By Rob N
Marvel in the early 1970s was an energetic and vibrant creative force that constantly experimented with new genres and themes in search of the next big thing. Concerned that the basic superhero format had peaked and could soon decline, Stan Lee encouraged a degree of experimentation in the early years of the Bronze Age that remains unsurpassed throughout Marvel’s turbulent 50-year history. By the start of the decade, the old guard of the 1960s were still working in the bullpen, looking very much like the cast of Mad Men. But now their ranks had swelled with an influx of long-haired hippies keen to take things in a new direction, beyond the old fashioned Lee/Kirby designs that had established Marvel as the number one comic book company in the US.
In keeping with the times, the early Seventies was the birthplace of COSMIC, a ‘space is deep’ subgenre of science fiction that was enjoying its moment in the sun in contemporary pop culture. While Jack Kirby had of course toyed with cosmic SF elements in his superhero art, he had always done so as an outsider in a smart sports jacket, with a sensible military grade haircut, smoking a cigar. His take on Cosmic was influence by old pulp SF like E. E. “Doc” Smith’s Lensmen series, where heroes were always ramrod-straight science professors with Pro Football sidekicks, possessing neat brylcreemed hair and smoking a pipe as they investigated swirling technicolour dimensions and exotic and complicated machines with names like ‘The Ultimate Nullifier’. The new writers and artists on the other hand were weekend freaks, young creative types who embraced the psychedelic music of Haight Ashbury and the trippy stargate sequence at the end of 2001: A Space Odyssey. They grew their hair long, read William Burroughs, Philip K Dick and Michael Moorcock and some of them quite possibly took drugs. Allegedly.
Jim Starlin was one of the new arrivals at Marvel. Only 23 when he landed his first paid work with the House of Ideas, he quickly made a name for himself by revamping Captain Marvel with his Thanos saga. In this we see the first seeds of what was to become his lifetime obsession with Cosmic SF. But what is 'cosmic'? Wiktionary defines it so:
1) Of or from or pertaining to the cosmos or universe.
2) Infinitely or inconceivably extended; vast.
It is in a sense a form of SF that resembles an LSD trip. Indeed, you’d be hard pressed to find a simpler definition of Cosmic than to basically point your finger at the sleeve art of Hawkwind’s 'Space Ritual' LP. That’s it in a nutshell. Even down to the naked dancers covered in swirling body paint, gyrating in front of a psychedelic oil projector. Cosmic was the sign of the times, and Jim Starlin’s Adam Warlock/Magus saga was about as good as it was ever going to get. Not only was it a personal creative peak for the writer/artist, but it would establish a pattern, shared background and theme for many of Marvel’s epic stories to come.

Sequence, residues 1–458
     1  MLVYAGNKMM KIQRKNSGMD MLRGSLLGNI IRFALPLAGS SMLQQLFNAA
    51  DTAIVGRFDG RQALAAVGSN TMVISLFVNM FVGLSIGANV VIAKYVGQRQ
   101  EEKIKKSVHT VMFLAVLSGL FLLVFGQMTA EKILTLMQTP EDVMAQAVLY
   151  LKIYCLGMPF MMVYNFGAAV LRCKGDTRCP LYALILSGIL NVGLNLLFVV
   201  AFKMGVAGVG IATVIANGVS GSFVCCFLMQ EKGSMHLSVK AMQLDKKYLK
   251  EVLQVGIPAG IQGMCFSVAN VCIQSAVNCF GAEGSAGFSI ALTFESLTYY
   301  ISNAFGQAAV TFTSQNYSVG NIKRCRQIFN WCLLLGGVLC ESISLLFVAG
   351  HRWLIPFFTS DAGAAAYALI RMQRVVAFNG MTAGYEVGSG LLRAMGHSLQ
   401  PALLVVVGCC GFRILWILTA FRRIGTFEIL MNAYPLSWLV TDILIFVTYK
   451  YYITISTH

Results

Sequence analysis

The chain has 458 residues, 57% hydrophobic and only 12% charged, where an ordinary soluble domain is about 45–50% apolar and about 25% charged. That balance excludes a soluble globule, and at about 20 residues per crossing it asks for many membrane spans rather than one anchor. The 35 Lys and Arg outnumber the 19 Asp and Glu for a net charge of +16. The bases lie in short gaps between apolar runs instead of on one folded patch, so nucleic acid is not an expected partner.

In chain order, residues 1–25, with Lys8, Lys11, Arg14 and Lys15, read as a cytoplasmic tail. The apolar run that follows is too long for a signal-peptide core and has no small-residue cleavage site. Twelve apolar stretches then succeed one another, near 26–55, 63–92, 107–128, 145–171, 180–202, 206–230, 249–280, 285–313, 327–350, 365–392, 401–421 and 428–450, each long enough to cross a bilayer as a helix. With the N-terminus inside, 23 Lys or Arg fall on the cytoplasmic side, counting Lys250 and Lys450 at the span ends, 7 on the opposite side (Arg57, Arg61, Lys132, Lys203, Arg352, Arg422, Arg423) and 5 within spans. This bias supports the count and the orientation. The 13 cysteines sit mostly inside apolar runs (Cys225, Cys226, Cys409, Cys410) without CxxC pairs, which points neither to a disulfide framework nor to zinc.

Adam Warlock was a minor Lee/Kirby character from the pages of Fantastic Four and Thor, originally named Him. Roy Thomas had spun the character off into a short lived series of his own, sending him to Marvel’s Counter Earth (a planet on the opposite side of the sun to our world, and therefore permanently out of sight – an idea presumably lifted from John Norman’s infamous Gor series) as a thinly disguised Jesus Christ analogy, to redeem a planet created by the High Evolutionary (in surrogate God mode) that was being corrupted by the Man Beast (don’t ask). During the course of the story, Thomas had given the character a new costume and a soulgem embedded in his forehead (a gift from the High Evolutionary) that acted as an all-purpose blaster ray. Starlin was to take the concept of the gemstone much further.
With very little back-story accumulated to date, Starlin had pretty much a clean slate to work with when he began the Magus story in the pages of issue #178 of Strange Tales. Originally one of the monster mags that Marvel had inherited from its previous incarnation as Atlas in the '50s, Strange Tales had gone on to showcase solo stories featuring Doctor Strange and Nick Fury before being cancelled to make way for their own comic books. Marvel had then recently revived Strange Tales as a platform in which to try out new concepts, none of which proved popular enough to warrant more than a footnote of a footnote in the history of the Bronze Age. Issue #178 was to change all that.
Next in Part II: Warlock vs The Magus!